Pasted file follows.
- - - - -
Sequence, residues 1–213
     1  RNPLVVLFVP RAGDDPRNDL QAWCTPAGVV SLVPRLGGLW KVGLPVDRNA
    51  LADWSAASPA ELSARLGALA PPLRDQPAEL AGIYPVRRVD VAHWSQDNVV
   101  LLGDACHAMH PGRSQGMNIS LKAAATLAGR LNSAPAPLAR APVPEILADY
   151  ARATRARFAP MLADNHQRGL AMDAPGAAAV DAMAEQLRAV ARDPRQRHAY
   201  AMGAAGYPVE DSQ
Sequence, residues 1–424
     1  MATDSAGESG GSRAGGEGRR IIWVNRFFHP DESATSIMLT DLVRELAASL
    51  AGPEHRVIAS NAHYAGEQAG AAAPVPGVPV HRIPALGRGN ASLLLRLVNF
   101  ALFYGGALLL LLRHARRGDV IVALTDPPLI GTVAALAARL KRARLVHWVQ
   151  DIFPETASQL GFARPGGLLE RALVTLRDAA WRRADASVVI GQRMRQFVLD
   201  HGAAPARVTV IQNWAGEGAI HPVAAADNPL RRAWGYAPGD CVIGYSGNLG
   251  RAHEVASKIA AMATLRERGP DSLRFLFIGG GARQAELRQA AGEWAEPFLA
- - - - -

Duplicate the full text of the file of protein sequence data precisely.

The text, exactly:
Sequence, residues 1–213
     1  RNPLVVLFVP RAGDDPRNDL QAWCTPAGVV SLVPRLGGLW KVGLPVDRNA
    51  LADWSAASPA ELSARLGALA PPLRDQPAEL AGIYPVRRVD VAHWSQDNVV
   101  LLGDACHAMH PGRSQGMNIS LKAAATLAGR LNSAPAPLAR APVPEILADY
   151  ARATRARFAP MLADNHQRGL AMDAPGAAAV DAMAEQLRAV ARDPRQRHAY
   201  AMGAAGYPVE DSQ
Sequence, residues 1–424
     1  MATDSAGESG GSRAGGEGRR IIWVNRFFHP DESATSIMLT DLVRELAASL
    51  AGPEHRVIAS NAHYAGEQAG AAAPVPGVPV HRIPALGRGN ASLLLRLVNF
   101  ALFYGGALLL LLRHARRGDV IVALTDPPLI GTVAALAARL KRARLVHWVQ
   151  DIFPETASQL GFARPGGLLE RALVTLRDAA WRRADASVVI GQRMRQFVLD
   201  HGAAPARVTV IQNWAGEGAI HPVAAADNPL RRAWGYAPGD CVIGYSGNLG
   251  RAHEVASKIA AMATLRERGP DSLRFLFIGG GARQAELRQA AGEWAEPFLA